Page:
Now, I don’t disagree with this policy — the US shouldn’t let what it is a bilateral issue between Japan and North Korea interfere with what the US government feels is in its best interests. There seems to be little chance that progress towards delisting North Korea will stop, especially considering that the Israel-Syria-North Korea mystery seems to have vanished from the media space. Even John Bolton, of late the Bush administration’s most vociferous critic from the right, admitted to a delegation of abductee advocates in Washington, “I agree with you completely, but the flow towards delisting will be extremely difficult to stop.”
The problem with this announcement is the timing. Mr. Fukuda has in recent days and weeks suggested that the Japanese government might be prepared to re-engage in the six-party talks, despite its reservations (which in a sign of progress increasingly concern the problem of verifying denuclearization as well as the abductions issue). For a State Department spokesman to deliver this message prior to the prime minister’s arrival in Washington strikes me as indicative of a gratuitous disregard of the difficult position that Mr. Fukuda faces in trying to shift Japan’s bargaining position in the six-party talks. Style matters as much as substance; the US should be trying to coax Japan back to the table, not bludgeon it over the head until it concedes.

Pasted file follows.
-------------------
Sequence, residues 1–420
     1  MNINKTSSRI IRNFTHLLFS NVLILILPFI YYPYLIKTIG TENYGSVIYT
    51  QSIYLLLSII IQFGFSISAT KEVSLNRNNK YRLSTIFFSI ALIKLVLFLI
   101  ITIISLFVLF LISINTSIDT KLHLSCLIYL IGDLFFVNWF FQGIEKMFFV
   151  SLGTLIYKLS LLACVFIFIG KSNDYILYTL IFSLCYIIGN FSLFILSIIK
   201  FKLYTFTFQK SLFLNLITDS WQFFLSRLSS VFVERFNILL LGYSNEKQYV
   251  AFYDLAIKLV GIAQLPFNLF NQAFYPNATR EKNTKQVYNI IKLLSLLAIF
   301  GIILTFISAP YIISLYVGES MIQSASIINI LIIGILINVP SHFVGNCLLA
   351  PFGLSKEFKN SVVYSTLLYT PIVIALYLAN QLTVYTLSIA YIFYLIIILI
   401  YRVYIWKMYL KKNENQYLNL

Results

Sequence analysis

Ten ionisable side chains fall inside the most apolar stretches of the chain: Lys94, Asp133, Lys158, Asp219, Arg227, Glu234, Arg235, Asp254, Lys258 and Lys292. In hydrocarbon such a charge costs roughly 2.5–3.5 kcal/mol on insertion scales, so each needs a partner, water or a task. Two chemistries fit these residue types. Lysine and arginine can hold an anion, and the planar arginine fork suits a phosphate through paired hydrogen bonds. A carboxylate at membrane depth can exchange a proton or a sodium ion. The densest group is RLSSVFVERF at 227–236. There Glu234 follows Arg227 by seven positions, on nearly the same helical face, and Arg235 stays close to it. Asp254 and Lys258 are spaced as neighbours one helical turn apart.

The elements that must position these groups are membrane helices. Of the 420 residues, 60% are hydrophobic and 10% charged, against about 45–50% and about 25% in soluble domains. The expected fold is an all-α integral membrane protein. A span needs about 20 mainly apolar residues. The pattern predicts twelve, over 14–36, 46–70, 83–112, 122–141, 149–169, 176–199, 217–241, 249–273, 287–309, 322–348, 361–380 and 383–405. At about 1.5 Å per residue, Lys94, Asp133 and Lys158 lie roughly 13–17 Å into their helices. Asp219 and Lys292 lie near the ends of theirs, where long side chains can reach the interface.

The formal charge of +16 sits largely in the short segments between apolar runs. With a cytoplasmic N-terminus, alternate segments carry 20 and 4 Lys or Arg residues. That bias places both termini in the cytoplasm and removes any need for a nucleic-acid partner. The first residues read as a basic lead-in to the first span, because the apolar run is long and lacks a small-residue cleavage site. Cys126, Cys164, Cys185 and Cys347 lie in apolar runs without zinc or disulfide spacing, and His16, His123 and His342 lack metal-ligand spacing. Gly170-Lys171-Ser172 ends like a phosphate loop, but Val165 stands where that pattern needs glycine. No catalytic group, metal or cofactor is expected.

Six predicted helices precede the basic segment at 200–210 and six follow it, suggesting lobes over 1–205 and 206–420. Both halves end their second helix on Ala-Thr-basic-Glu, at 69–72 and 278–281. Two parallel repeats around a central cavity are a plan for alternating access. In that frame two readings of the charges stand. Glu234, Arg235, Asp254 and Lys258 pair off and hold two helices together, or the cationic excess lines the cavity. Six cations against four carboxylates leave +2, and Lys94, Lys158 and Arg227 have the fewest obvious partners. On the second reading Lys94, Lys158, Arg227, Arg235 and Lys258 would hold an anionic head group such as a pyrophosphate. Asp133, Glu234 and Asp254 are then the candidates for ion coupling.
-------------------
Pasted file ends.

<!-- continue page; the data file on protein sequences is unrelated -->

Of course, the gap between the US and Japanese bargaining positions may be unbridgeable, meaning that it is high time for the allies to discuss the implications of being unable to coordinate policy on the North Korea question.
In any case, that an announcement like this can be made this close to a major summit suggests that there may be a surprise or two in store this Friday. For once there might be a US-Japan summit that is more than a photo-op and a joint press conference that enables the two leaders to exchange sweet nothings about the alliance.